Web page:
51 — Oh, I understood where you were going with it. I was pointing out my particular version of a similar phenomenon.

  61. This is a really interesting point, Cynthia.

    Kristine, taking your point that you talk a more radical line because you suspect nobody is listening, does this suggest that by not taking input at the general level from rank-and-file members, the Church is encouraging more radical talk? Unintentionally of course, but it seems to follow.

  62. Kristine says:

    Hmmm. That would be logical, Ziff, but I don’t know if it works out that way in practice. I suspect that most people, who are saner than I, realize the futility of articulating criticisms and either just shut up and live with the status quo or leave altogether. It takes a strange blend of devotion, neurosis, and egotism to stick around in an institution you love despite hoping it will change. If it were a marriage, 9 out of ten people surveyed would say it’s doomed (she says, cheerfully).

  63. There are many changes the Church has made that started at the ward level, then developed at the stake level. I think that the recent focus on retaining and reactivating young single adults is a good example. I remember reading about a singles’ ward in Chicago that made a year-long Search and Rescue goal. They had a great deal of success, and the stake leaders applied it to other areas. As other stake leaders heard of it, they, too, started to apply it. Word got to SLC, and the Church started a big push to retaing and reactivate the YSAs.

    This can happen quite often. It isn’t just in the church. One of the drug prevention programs with which I work is Operation Snowball, Inc. which is based on the “snowball effect” – start something small, start it rolling, and watch it grow.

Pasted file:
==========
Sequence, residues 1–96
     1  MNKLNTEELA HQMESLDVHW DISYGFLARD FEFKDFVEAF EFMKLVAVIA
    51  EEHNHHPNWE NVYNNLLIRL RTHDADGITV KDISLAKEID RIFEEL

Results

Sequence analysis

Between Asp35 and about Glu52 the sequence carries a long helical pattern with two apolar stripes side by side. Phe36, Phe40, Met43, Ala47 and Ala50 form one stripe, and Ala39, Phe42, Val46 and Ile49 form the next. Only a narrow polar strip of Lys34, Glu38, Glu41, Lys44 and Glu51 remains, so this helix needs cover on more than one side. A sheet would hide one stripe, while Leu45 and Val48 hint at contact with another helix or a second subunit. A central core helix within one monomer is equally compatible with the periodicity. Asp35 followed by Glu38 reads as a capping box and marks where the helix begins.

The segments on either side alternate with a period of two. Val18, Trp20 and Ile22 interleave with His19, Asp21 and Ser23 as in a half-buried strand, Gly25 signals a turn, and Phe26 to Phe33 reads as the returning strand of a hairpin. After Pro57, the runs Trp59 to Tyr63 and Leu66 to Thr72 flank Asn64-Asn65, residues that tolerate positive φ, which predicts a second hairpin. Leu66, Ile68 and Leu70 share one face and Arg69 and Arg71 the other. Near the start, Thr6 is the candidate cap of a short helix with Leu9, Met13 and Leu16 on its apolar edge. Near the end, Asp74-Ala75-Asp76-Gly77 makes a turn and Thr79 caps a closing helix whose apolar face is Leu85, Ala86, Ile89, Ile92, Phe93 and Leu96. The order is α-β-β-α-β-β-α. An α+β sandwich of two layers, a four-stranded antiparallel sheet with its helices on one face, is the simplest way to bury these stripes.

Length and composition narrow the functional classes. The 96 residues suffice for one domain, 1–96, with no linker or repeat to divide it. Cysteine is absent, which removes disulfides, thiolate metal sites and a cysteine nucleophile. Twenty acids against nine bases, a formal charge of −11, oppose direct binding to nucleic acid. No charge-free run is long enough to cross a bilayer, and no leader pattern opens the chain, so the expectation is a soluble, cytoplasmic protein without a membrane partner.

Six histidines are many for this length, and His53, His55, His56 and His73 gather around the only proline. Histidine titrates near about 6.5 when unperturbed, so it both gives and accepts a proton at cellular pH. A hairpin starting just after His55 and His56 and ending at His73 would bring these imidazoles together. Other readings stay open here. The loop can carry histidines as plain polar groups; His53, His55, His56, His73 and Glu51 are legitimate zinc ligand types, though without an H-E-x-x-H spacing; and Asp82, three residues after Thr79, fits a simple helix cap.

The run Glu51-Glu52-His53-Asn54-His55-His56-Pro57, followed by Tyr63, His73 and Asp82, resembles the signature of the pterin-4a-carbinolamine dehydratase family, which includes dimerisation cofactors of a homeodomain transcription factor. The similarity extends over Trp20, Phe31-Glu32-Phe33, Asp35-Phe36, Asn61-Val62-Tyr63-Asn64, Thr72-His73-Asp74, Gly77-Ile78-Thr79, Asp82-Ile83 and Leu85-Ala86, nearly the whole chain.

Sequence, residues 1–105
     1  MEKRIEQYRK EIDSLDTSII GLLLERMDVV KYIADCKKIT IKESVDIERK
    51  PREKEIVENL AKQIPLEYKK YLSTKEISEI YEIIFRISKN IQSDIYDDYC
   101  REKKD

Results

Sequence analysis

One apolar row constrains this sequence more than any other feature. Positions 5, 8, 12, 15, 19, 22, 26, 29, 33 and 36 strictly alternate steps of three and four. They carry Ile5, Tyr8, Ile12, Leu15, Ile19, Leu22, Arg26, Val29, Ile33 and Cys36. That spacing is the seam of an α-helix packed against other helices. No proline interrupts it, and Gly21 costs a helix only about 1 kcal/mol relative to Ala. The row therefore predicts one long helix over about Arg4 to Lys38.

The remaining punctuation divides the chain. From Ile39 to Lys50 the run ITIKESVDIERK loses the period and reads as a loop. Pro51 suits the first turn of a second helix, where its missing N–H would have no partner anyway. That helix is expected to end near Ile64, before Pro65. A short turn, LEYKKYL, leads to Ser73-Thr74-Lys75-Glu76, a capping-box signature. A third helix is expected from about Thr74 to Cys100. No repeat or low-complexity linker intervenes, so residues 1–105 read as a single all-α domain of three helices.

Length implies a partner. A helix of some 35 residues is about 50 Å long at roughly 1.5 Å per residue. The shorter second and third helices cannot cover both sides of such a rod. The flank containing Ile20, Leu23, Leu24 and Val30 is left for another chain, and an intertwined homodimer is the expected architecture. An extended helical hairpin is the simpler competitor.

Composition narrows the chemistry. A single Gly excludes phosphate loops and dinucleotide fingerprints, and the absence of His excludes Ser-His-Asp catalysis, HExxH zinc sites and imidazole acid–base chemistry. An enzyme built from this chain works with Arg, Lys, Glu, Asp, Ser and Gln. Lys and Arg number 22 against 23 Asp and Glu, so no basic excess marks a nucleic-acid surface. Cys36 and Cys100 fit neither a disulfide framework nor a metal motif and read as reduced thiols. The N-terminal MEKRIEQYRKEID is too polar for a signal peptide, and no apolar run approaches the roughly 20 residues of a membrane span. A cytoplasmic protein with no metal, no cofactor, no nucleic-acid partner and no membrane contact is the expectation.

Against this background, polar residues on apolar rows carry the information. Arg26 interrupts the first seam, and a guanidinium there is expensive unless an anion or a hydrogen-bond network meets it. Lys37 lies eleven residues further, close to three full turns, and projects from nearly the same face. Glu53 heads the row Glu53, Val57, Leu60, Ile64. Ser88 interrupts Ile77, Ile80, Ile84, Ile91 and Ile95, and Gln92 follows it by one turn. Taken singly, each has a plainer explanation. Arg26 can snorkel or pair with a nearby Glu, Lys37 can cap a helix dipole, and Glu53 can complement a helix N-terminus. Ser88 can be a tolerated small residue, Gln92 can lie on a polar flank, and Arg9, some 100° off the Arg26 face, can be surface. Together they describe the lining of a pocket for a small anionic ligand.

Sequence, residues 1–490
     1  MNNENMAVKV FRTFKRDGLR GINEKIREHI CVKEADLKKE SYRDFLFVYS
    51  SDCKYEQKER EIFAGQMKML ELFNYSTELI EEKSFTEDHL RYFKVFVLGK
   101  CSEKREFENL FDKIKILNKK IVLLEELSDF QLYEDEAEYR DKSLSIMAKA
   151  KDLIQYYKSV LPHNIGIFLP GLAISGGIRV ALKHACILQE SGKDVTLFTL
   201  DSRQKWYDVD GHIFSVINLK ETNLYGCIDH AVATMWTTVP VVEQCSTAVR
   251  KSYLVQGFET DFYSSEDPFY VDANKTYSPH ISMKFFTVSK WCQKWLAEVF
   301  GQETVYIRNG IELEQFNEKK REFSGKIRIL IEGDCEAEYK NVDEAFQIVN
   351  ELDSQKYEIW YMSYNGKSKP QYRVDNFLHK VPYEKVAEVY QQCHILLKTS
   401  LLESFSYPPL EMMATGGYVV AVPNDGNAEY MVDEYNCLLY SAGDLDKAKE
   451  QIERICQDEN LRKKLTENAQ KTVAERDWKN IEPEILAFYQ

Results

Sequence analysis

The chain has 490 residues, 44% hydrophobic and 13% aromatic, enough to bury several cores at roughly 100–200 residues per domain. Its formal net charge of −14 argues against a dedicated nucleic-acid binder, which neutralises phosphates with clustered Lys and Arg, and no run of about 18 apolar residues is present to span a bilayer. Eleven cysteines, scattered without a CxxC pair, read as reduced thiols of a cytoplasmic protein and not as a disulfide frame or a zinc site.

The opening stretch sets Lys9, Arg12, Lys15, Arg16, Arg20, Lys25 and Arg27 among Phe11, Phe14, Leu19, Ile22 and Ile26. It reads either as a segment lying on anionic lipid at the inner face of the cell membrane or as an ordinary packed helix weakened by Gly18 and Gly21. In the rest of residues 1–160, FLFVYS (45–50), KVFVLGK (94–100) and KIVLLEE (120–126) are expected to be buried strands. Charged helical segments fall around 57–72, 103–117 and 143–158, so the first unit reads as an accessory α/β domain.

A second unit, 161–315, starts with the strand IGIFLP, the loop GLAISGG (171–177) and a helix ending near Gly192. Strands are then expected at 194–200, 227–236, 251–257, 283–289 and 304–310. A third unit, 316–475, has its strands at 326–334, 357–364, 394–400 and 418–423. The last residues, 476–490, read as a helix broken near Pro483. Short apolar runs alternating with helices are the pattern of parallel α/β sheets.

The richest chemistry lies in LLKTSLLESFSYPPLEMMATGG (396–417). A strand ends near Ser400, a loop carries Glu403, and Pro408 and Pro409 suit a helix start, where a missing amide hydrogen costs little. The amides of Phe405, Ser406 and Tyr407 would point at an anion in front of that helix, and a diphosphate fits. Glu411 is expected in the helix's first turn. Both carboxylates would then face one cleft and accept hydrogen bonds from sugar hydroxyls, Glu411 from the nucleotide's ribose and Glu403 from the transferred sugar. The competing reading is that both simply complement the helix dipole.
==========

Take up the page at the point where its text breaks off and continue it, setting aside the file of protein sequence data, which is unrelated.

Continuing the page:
I think we would have more success seeing positive changes if we took this approach. Start referring to RS Presidents as Presidents instead of Sisters (or start referring to all leaders as Brother or Sister instead of Presidents). Eventually it will be picked up by others. It is a small step. but a step nonetheless.

    On a completely different topic, I feel I should point out that I am right-leaning (although not as far to the right as some), and I enjoy Jon Stewart because he is clever and funny.

  64. It’s my responsibility to warn my neighbor, not to see to it that they do anything about it.

    Right. I get that. One thought that comes to me from this post is to sow a seed, I ought to have confidence that the seeds I am sowing are actually good ones.

    At one end of the spectrum of trying to figure out how ‘sure’ one can be about one’s position/perspective/opinion/etc. imo is a relativism that leaves everything up for grabs all at the personal level, with nothing really generally True. At the other end is arrogance that says “I am the one with Truth and everyone else is wrong.”

    I like the image you portray of an ongoing process of learning by experience what Truth is.

  65. Dear Cynthia, I don’t know you, (as is painfully obvious) and I don’t know your mom (as is even more painfully obvious), but from the brief discussion you gave, it seems to me that you totally interpreted your mother’s remarks. Again, I don’t know her and I don’t know you, with cute little inneffectual tingly bells on–thrinnnng— but going on the text alone (does the word Derrida get one bannned?) I think you completely misinterpreted your mother’s remarks.

    She was with the creationists. Fine. The point wasn’t that we should look at different viewpoints, but that we shouldn’t discount those that she believed in. A fine observation; just a slightly different one.